The funeral is tentatively scheduled for Friday.
Mark LIST, 23, of Chatham has been charged with first-degree murder. He made his first court appearance yesterday.

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LISTER o@ca.on.middlesex_county.london.london_free_press 2006-03-01 published
PRUS, Maria
At Oxford Regional Nursing Home, Ingersoll, on Tuesday, February 28, 2006, Maria PRUS, in her 91st year. Beloved wife of the late Henry PRUS (1992.) Dear mother of Marie-Luise LISTER (John) of Scarborough and Nina LAING (Peter) of Ingersoll. Loving grandmother of Nina-Marie, Jonathan, Matthew, Michael, Andrew and Katherine. Great-grandmother of Noah, Lukas, Rhys, Edan, Ruby and Finn. Sister of Hedwig and Walburga of Germany. Predeceased by several brothers and sisters. Visitors will be received on Thursday from 2: 00-4:00 p.m. at the O'Neil Funeral Home, 350 William Street. The Funeral Mass will be celebrated in St. Joseph's Church, 89 Charles Street, on Friday at 11: 00 a.m. Interment St. Peter's Cemetery. Prayers Thursday at 3: 00 p.m.

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LISTER o@ca.on.middlesex_county.london.london_free_press 2006-03-13 published
CODE, Jennie " Jean" Marguerite (formerly TAILOR/TAYLOR)
Peacefully at Victoria Hospital on March 11, 2006, Jennie (Jean) Marguerite CODE (TAILOR/TAYLOR,) of London in her 84th year. Beloved wife of the late Garnet CODE (1976) and George TAILOR/TAYLOR (1967.) Loving Mother of George W. TAILOR/TAYLOR of London, Margaret SHEWAN of London, Ronald A. TAILOR/TAYLOR of London, Linda MESSNER (Haydn) of Markham and Marilyn LISTER (Len) of London. Dear grandmother of 12 and great-grandmother of 20. Visitation will be held in the Needham Funeral Home (520 Dundas St.) on Tuesday from 7-9 p.m. where the funeral will be held on Wednesday, March 15, 2006 at 1 p.m. Interment to follow at Mount Pleasant Cemetery. Donations in memory of Jean to the London Regional Cancer Centre would be appreciated. Tributes may be left at www.mem.com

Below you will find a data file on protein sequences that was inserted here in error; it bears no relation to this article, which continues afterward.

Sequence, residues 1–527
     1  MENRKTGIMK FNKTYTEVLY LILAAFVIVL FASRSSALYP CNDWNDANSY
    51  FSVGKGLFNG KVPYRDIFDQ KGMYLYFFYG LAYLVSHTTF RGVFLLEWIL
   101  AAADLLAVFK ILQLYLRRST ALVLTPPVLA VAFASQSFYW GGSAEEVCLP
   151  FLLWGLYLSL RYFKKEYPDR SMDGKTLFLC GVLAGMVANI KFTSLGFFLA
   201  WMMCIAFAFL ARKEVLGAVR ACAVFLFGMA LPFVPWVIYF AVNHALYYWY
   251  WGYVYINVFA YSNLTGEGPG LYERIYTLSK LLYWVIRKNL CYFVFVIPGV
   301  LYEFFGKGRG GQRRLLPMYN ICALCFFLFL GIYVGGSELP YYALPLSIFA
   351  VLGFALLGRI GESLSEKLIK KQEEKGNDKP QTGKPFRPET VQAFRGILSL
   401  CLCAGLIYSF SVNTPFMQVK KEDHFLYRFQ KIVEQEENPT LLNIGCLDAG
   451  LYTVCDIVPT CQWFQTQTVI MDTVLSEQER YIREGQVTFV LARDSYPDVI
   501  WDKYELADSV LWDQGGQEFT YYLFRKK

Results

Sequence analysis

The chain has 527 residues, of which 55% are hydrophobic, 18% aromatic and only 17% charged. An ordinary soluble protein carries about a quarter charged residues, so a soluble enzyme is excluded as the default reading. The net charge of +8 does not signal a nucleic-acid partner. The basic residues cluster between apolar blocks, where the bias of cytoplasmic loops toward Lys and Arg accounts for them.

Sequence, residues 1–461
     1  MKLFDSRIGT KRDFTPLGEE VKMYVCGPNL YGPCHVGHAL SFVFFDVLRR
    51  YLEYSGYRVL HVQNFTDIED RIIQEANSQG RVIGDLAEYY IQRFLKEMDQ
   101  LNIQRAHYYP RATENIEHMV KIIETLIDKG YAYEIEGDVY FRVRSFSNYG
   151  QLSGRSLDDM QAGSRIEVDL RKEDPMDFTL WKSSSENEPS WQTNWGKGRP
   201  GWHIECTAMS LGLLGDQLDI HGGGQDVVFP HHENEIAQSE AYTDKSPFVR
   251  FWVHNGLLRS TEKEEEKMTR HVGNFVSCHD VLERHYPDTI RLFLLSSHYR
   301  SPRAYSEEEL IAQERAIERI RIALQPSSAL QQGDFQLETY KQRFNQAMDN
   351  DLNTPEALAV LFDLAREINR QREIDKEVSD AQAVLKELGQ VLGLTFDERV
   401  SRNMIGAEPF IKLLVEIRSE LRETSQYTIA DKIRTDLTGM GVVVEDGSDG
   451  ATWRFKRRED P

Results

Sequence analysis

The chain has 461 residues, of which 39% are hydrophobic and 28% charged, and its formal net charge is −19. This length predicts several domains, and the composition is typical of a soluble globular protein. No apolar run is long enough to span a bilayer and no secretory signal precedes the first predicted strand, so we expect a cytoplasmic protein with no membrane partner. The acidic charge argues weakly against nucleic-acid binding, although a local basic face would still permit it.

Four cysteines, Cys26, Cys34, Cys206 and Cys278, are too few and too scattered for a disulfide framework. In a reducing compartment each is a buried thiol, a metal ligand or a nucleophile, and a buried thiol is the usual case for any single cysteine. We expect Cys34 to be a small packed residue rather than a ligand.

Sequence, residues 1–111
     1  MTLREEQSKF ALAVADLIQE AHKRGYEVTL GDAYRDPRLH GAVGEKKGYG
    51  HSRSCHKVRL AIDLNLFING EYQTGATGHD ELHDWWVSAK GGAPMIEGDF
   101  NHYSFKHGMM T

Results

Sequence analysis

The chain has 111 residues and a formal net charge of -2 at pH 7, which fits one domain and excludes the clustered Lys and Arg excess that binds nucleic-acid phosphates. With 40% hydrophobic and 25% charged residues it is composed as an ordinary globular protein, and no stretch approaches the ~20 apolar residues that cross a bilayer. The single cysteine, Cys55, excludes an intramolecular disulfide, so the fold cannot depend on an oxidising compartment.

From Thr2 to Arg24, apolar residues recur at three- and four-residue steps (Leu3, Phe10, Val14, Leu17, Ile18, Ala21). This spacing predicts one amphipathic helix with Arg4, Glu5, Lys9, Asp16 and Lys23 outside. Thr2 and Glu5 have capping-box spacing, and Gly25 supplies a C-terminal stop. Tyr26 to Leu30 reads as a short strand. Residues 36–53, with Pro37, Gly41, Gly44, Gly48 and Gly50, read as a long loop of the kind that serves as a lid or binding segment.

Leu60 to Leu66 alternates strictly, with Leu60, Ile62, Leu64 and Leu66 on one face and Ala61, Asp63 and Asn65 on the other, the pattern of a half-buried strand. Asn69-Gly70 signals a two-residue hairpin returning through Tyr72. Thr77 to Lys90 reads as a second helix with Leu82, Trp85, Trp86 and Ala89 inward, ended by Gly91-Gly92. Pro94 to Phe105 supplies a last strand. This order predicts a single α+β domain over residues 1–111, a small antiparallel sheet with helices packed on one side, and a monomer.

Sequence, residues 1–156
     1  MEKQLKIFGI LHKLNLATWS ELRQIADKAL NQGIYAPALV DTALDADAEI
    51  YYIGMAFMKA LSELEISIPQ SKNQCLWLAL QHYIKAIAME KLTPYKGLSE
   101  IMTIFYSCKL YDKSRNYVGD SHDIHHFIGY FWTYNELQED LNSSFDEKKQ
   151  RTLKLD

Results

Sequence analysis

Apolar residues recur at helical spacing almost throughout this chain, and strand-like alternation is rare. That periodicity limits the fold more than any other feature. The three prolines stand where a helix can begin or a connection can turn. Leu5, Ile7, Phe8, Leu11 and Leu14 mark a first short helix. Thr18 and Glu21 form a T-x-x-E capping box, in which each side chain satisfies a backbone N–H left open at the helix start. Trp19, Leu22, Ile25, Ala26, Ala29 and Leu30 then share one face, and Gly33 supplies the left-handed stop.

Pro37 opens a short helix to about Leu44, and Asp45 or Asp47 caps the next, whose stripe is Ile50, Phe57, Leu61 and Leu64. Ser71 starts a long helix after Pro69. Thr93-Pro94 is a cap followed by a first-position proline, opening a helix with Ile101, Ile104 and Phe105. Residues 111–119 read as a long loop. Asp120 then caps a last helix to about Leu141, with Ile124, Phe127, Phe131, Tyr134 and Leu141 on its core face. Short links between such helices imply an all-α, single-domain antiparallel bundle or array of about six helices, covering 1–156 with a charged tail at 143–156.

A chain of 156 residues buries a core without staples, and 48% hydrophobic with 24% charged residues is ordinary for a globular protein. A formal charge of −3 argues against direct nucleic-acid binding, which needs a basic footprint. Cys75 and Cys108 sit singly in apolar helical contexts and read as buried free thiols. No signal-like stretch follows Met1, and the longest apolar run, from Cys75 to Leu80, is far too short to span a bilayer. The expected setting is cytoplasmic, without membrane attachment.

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LISTER o@ca.on.york_county.toronto.globe_and_mail 2006-04-10 published
Murray LISTER, Royal Canadian Air Force Air Vice-Marshal (1912-2006)
In 1966 he was rising to the top of his cherished Royal Canadian Air Force when he resigned to protest against Ottawa's plan to unify the military and outfit Canada's Armed Forces in lamentable green serge
By Buzz BOURDON, Special to the Globe and Mail, Page S8
Ottawa -- Murray LISTER was a man of integrity. In 1966, as an Royal Canadian Air Force air vice-marshal in charge of Air Defence Command, he quit rather than stand by and watch Paul HELLYER unify Canada's armed services. Defying the minister of national defence in 1966 came at a very high price for Mr. LISTER, whose responsibility is was to defend Canada against aerial attack by the Soviet Union. Unlike hundreds of other senior officers, he deliberately refused to follow Mr. HELLYER's dictatorial party line and lost his promotion to air marshal, at that time a rank equivalent to an army lieutenant-general.
Mr. LISTER's decision took many by surprise, since he was fifth from the top of the Royal Canadian Air Force's seniority list, but he never regretted following his conscience at such a great personal cost, his son, Murray, said. "He was a man of principle and the main principle he followed was duty. He declined promotion and accepted early retirement on the principle of duty toward the traditions and morale of the air force."
The trouble had started after he made his feelings known. He believed that while the traditions of the Royal Canadian Navy and the army were important, those of the Royal Canadian Air Force were unique. "He didn't want any service tradition to be diluted," his son said. "He felt that the effectiveness of each of the three services was built on morale. There was no point in destroying this morale."
One day in mid-March of 1966, during the height of the unification crisis that gripped Parliament and the country, Mr. LISTER was summoned to Ottawa and found himself on the carpet. Air Chief Marshal Frank MILLER, the chief of the defence staff, accused him of criticizing unification in speeches to subordinates.